Videos show children being restrained by employees at Shadow Mountain Behavioral Health; they’re part of a BuzzFeed investigation into alleged abuse and misconduct at the Tulsa center.
Since the videos have come out, many people have said they, too, either witnessed or endured abuse; but one child psychiatrist said it’s much bigger than just Shadow Mountain.
The allegations of abuse and misconduct at a Tulsa mental health facility for children have some people outraged - taking to social media, sharing their stories and asking for something to be done.
Dr. Sarah Coffey, a child and adolescent psychiatrist with OU-Tulsa, says it’s more than just one facility.
"I've been working here as a child psychiatrist in Oklahoma since 2014, and I'm certainly aware of the lack of resources here in Oklahoma as well as the decreased funding to kind of help support mental health really across the spectrum of care delivery," she said.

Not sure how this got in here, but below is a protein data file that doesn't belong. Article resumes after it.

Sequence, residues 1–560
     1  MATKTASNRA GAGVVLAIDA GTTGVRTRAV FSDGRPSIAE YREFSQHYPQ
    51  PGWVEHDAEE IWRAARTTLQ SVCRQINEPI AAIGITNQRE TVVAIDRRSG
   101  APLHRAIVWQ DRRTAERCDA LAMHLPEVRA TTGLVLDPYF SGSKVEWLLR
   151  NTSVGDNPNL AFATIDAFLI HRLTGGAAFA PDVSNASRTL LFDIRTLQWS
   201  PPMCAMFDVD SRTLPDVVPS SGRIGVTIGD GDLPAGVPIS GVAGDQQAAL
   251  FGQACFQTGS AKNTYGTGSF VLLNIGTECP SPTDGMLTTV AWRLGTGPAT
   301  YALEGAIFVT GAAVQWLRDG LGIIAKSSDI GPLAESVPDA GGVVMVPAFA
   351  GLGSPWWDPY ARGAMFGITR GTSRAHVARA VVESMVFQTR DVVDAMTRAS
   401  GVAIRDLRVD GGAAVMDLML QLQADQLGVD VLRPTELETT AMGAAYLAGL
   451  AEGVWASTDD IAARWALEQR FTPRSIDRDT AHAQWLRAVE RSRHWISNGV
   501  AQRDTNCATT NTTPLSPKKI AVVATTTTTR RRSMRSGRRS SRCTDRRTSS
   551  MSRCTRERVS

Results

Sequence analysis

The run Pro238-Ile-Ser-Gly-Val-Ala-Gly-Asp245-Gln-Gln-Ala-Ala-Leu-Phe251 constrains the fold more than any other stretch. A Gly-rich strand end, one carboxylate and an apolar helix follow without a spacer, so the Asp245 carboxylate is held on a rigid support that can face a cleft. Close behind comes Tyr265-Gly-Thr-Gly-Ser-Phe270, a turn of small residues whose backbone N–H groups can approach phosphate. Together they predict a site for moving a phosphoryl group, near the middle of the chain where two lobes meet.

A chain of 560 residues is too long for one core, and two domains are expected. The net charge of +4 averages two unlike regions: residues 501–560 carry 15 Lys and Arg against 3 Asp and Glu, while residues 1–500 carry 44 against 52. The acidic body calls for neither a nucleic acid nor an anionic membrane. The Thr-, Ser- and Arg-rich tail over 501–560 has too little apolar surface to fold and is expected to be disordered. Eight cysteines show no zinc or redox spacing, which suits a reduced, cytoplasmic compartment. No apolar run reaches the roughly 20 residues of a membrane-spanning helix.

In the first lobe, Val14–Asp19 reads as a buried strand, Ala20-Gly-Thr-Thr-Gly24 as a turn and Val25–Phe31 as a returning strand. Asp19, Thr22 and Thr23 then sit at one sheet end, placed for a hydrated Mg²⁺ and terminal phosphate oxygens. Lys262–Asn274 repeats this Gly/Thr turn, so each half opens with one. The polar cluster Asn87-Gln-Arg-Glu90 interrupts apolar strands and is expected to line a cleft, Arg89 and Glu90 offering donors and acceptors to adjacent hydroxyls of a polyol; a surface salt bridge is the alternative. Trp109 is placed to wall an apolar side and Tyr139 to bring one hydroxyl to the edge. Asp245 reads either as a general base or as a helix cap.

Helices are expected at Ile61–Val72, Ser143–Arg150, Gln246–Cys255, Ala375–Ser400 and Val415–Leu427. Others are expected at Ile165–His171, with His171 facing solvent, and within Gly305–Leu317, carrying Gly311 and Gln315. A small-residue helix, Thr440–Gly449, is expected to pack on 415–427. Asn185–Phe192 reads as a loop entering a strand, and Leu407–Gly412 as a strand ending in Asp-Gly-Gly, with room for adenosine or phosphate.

According to the Oklahoma Department of Mental Health and Substance Abuse Services, we rank third in the nation for mental illness in adults. The state does not list statistics involving children.
Many of those suffering do not receive adequate treatment.
Coffey said there is a laundry list of factors to the problem, including a lack of training, limited funding, and a lack of resources.
"Quite often there's a lot of turnover, so you have a lot of people that are not trauma-informed working with kids - you might have people that have their own mental health or emotional difficulties that they are struggling with, and, quite frankly, they are probably not adequately supported to really manage the degree of complexity of the children that are on the inpatient ward," Coffey said.
These issues result in instances of possible abuse or mistreatment.
"When there's a lot of chaos within these facilities, whenever there's a lot of staff turnover, it can be re-traumatizing for a variety of different reasons," Coffey said. “There are certain things that can be inexcusable and we need to do better to protect our youth."
Coffey said while many say Shadow Mountain should close, she points out facilities like this are the only ones who provide in-patient care for those most at risk.